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from First Things
IN DEFENSE OF CONSTANTINE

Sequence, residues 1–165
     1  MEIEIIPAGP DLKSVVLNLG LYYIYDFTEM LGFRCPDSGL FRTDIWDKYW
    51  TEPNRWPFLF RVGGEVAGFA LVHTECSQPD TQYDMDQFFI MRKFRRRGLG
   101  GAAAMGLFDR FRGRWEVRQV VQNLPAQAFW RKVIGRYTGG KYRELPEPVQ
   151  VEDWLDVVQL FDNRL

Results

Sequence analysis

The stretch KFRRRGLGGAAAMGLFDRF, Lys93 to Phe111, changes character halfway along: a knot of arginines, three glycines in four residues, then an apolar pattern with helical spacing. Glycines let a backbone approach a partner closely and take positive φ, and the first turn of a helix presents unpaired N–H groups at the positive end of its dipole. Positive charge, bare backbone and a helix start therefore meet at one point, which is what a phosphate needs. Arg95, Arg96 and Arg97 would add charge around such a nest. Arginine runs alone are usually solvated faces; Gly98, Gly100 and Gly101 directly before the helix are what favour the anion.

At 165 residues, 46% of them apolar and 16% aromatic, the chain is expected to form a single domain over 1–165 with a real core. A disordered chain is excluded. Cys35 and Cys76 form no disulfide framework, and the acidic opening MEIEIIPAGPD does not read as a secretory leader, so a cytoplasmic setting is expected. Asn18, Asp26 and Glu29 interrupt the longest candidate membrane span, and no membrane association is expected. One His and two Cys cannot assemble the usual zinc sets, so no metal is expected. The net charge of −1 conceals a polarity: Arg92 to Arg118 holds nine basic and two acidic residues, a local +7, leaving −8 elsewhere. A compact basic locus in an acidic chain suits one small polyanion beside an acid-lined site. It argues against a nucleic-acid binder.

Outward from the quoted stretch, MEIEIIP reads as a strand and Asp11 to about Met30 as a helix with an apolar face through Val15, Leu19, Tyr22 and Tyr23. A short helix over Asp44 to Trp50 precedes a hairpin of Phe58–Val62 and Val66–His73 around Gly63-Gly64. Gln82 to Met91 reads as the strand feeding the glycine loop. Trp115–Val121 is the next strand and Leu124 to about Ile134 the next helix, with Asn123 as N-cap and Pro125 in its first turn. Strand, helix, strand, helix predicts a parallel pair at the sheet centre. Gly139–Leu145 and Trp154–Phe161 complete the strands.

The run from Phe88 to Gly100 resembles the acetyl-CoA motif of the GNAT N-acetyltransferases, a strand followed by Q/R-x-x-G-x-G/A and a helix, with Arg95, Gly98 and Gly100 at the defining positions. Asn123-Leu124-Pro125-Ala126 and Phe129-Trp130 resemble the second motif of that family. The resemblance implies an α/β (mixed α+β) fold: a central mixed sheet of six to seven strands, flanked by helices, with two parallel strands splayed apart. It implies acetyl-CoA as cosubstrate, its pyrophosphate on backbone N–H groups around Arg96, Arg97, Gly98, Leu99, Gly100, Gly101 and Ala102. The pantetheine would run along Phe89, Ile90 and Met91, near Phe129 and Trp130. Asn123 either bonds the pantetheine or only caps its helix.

The ritual pronouncement of anathemas against Constantinianism has become so commonplace that the historical Constantine (a.d. 288?–337) has slipped from our sight. Apparently it is not what Constantine himself wrought that is the object of obloquy, but the work of mischievous kings and perfidious bishops in the centuries after him. When theologians write essays with titles such as “Is Constantinianism the Most Basic Problem for Christian Social Ethics?”, Constantine is not the sole villain. What provokes critics’ ire is an ordering of Christian society that flourished in medieval and early modern Europe and still, it is claimed, impedes an authentic Christian witness.